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Microsoft’s last year Super bowl commercial celebrated what technology can do, as told by Steve Gleason, a former pro football player who is living with ALS. He uses a Surface Pro running Tobii’s eye gazer technology to speak, and do many other kind of activities. He is visiting Microsoft’s campus this week for attending the hackathon. A team is working on a solution that would allow people like Gleason to turn their Surface On/Off using the eye gaze.
As powerful as the Surface Pro 3 is, Gleason knows it can be even more accessible. Since the Super Bowl, he has sent Microsoft a list of proposed improvements, including better predictive typing software and larger fonts. His ideas reflect the spirit of this week’s company-wide hackathon, when our employees team up to challenge, adapt and improve our products and services with more than 2,000 suggested hacks.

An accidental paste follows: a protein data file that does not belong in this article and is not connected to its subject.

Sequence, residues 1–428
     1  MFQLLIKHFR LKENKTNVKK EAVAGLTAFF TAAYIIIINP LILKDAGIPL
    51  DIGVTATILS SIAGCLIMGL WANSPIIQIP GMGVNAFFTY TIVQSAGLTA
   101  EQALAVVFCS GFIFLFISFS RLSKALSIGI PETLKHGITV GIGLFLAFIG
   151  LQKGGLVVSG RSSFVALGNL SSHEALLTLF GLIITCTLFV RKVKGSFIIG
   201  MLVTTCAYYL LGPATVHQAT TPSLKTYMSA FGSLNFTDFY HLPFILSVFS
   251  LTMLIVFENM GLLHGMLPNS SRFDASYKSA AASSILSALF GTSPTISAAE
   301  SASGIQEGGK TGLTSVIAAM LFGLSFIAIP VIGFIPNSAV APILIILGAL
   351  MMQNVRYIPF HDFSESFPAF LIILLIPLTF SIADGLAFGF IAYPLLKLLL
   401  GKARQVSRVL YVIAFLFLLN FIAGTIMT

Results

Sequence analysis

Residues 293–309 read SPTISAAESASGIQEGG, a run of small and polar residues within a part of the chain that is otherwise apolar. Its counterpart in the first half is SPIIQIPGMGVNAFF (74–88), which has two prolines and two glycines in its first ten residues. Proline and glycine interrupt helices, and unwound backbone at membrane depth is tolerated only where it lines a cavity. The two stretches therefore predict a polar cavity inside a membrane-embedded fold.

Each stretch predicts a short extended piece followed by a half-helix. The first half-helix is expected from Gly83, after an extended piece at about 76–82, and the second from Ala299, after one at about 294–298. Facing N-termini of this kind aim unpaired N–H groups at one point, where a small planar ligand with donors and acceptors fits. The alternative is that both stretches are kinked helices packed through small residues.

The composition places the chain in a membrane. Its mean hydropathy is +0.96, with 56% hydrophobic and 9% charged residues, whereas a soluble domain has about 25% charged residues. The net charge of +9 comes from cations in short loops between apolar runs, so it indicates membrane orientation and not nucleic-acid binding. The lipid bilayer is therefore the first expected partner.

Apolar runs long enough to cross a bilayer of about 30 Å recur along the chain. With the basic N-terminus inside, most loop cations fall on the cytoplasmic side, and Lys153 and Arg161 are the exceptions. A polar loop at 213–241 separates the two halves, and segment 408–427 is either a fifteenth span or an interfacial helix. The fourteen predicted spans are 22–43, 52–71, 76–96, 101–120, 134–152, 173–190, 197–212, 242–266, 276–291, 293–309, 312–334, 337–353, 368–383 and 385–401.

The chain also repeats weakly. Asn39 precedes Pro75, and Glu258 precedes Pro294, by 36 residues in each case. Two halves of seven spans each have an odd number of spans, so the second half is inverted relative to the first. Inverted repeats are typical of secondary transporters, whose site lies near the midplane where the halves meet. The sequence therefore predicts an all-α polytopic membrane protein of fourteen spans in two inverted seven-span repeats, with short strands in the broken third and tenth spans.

Microsoft listened and invited Gleason to the hackathon to explore his ideas in work hosted by the Microsoft Ability Community. Gleason will work with a diverse team of Microsoft engineers and accessibility experts to fix one of his biggest challenges, turning his Surface on and off with his eyes. Gleason will be at the heart of the Ability Hackathon, meeting with members of the Surface team, as well as internal and external members of the disability community considering dozens of proposed hacks that could help people with disabilities.
Read more on it here.